Date: October 29, 2015
Time: 6:00 PM

Oct 30, 12:00 PM: Workshop: Robin Bernstein

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"'I’m very happy to be in the reality-based community': How Alison Bechdel’s Fun Home Stages an Act of Resistance against George W. Bush." Email John Muse for a copy of the precirculated paper.

Date: October 30, 2015
Time: 12:00 PM - 1:30 PM

Nov 9, 6:00 PM: Queer//Alt//Art Games

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The Gender and Sexuality Workshop presents Queer//Alt//Art Games A night to play games, meet folks, eat food, and discuss. Part of the Alternate Realities and Virtual Worlds series.

Date: November 9, 2015
Time: 6:00 PM - 8:00 PM

Nov 17, 6:00 PM: Save Our Sisters

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As state violence rises among communities of color, issues of rape and domestic violence lay buried in the ground, leaving us to wonder: Do #BlackWomensLivesMatter? Join panelists Zerlina Maxwell, Jamilah Lemeiux, and Dr. Dawne Dupart as we bring these issues to the forefront of the #BlackLivesMatter movement. Free and open to the public. Sponsored by the Global Voices Lecture Series, the Beta Chapter of Alpha Kappa Alpha Sorority, Inc., RSVP, the Center for the Study of Gender & Sexuality, the Center for the Study of Race, Politics, & Culture, and the Student Government Finance Committee.

Date: November 17, 2015
Time: 6:00 PM - 8:00 PM

Feb 25, 7:00 PM: They've Got a Mouth on Them: Eric A. ...

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Criminal Queers, directed by Eric A. Stanley & Chris Vargas Criminal Queers visualizes a radical trans/queer struggle against the prison industrial complex and toward a world without walls. Remembering that prison breaks are both a theoretical and material practice of freedom, this film imagines what spaces might be opened up if crowbars, wigs, and metal files become tools for transformation. Follow Yoshi, Joy, Susan and Lucy as they fiercely read everything from the Human Rights Campaign and hate crimes legislation to the non-profitization of social movements. Criminal Queers grows our collective liberation by working to abolish the multiple ways our hearts, genders, and desires are confined. (USA, 2013, 70 mins) Screening of the film, followed by discussion with the filmmakers, Eric A. Stanley & Chris Vargas, and Professor Lauren Berlant. Part of the LGBTQ Studies Project and the Artists' Salon at the Center for the Study of Gender and Sexuality, with support from the Chicago Performance Lab and Infrastructures of the Comedic.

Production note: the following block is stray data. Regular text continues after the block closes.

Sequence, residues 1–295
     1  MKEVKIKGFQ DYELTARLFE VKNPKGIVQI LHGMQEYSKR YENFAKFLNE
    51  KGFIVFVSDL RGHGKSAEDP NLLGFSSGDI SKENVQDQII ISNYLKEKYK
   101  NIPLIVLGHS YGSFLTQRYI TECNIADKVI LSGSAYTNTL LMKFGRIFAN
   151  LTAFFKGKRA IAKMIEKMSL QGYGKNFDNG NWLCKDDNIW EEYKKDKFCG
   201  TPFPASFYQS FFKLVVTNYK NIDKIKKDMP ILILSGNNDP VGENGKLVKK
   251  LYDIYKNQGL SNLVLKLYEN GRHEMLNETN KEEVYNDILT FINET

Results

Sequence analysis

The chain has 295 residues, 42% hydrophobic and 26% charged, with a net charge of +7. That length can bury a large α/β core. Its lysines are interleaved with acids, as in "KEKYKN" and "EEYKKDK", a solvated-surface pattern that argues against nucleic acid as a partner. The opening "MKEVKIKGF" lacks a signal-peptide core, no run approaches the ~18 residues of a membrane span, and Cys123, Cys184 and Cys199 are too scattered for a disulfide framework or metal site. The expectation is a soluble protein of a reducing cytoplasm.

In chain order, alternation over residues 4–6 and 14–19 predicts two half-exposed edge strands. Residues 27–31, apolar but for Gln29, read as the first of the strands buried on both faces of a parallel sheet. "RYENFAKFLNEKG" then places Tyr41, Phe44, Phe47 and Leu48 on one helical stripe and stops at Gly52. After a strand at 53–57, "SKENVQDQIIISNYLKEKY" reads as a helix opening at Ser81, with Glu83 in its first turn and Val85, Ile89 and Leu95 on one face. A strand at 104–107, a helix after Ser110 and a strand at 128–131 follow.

Date: February 25, 2016
Time: 7:00 PM - 9:00 PM

See:http://homotopiafilm.net/?page_id=23

Dec 1, 7:00 PM: They've Got a Mouth on Them: How To Get Away With Laughter with Tim Barnes, ...

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How to Get Away with Laughter: exploring politically difficult comedy, uncomfortable topics, and when it is (and is not) ok to laugh. Tim Barnes, Sonia Denis, and Rebecca O'Neal perform, followed by a discussion with Professor Lauren Berlant. Free and open to the public. at the Revival Comedy Theater 1160 E. 55th Street, Chicago, IL 60637 Part of the LGBTQ Studies Project and the Artists' Salon at the Center for the Study of Gender and Sexuality, with support from the Chicago Performance Lab and Infrastructures of the Comedic. http://timbarnescomedy.com/ http://sonideni.tumblr.com/ http://beccaoneal.tumblr.com/